New device measures quality of sleep

September 19, 2011 12:00:00 AM PDT
A new device is promising to help people get more rest by analyzing their sleep patterns. The LARK is the brainchild of a Palo Alto entrepreneur. Besides tracking your sleep, it also gives you advice on how to get the most out of your shuteye.

Between caring for his young children and running his own business, gym owner Tim Dymmel often feels more than a little sleep deprived.

"If I don't sleep well I can make it through the next day, but day after that might be a downward slide," said Dymmel.

But he's recently begun wearing a device that promises to help him get the most out of the hours he does spend sleeping.

"It shows the level of sleep, maybe if I'm restless," said Dymmel.

The device, known as the LARK is worn on the wrist. As the users sleep, sensors record even the tiniest increments of motion.

"LARK is a sleep sensor, which tracks actigraphy, which is basically the science of using tiny little types of motion and using a lot of algorithms to translate that into sleep patterns," said Julia Hu, inventor and CEO of LARK Technologies.

Hu says those sleep patterns can then be displayed on a smartphone or computer screen.

"Most people have no idea of how they sleep. So it's really amazing the first day, they turn off the alarm, they get to see how they sleep. You get to see how quickly you fell asleep, how many times you woke up during the night, how efficient your sleep is, how healthy of a sleeper you actually are," said Hu.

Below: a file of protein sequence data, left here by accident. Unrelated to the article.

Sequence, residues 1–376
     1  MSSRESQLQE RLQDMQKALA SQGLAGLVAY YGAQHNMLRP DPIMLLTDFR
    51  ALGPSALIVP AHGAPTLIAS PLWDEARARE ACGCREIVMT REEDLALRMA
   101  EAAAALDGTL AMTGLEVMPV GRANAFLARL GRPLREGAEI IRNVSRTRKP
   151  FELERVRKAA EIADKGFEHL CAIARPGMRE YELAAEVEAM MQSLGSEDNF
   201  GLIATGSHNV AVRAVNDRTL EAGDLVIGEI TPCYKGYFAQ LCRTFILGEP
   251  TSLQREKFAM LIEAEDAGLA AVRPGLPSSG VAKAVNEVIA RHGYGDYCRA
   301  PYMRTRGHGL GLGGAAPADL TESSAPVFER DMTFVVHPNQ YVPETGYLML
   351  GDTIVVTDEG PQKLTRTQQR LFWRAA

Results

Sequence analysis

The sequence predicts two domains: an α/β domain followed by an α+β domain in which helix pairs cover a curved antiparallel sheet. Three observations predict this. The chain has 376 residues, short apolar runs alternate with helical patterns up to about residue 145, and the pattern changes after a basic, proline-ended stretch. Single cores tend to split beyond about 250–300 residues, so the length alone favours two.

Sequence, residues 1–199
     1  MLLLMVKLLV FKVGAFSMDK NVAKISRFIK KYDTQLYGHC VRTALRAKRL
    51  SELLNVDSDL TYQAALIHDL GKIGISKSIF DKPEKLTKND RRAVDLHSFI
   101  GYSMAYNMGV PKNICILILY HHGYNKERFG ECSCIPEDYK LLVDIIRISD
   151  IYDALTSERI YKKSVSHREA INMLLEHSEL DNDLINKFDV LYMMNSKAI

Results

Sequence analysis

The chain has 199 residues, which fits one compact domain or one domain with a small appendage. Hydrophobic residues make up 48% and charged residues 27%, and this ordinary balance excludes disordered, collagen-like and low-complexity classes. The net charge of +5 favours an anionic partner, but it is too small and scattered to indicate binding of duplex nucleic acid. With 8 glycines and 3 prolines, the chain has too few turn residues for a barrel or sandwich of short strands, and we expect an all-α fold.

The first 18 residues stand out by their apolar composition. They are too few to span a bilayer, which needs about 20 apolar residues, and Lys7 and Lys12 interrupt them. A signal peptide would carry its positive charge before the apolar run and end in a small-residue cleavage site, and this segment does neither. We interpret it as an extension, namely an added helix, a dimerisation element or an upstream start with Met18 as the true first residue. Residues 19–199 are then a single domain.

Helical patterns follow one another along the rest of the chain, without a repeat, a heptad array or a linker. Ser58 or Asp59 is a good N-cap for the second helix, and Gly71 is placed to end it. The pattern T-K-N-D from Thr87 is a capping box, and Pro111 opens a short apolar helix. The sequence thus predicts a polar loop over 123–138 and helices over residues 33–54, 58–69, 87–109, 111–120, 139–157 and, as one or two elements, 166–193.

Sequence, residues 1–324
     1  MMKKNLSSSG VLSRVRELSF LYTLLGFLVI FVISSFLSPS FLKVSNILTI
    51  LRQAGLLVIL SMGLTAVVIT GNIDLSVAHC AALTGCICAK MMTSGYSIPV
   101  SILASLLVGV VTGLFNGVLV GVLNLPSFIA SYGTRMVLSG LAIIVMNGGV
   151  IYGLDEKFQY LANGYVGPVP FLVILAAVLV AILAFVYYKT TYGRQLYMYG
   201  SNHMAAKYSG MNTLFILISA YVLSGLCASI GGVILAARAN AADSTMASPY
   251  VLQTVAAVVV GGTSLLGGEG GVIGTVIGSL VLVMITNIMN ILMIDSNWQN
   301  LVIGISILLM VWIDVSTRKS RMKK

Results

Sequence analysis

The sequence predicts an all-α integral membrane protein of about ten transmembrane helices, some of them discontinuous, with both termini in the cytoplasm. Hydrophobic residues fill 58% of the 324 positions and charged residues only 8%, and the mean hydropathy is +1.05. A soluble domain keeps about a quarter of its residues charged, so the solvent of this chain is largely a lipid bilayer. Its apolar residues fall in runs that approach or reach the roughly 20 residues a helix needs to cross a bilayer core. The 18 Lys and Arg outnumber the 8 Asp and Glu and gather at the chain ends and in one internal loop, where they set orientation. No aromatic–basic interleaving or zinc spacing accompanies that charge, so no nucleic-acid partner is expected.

The company offers companion software developed by a Bay Area sleep coach. It uses the information from the LARK to generate a sleep assessment for users, including advice for improving their sleep. Dymmel said the device has already helped him to better focus on how much rest he needs

"Something over six is feeling pretty good, and gets a good rating from the device," said Dymmel.

The LARK currently works via an app for the iPhone and iPad, but a version for the Android phone is expected soon. The cost of the basic system is about $100.

Written and produced by Tim Didion


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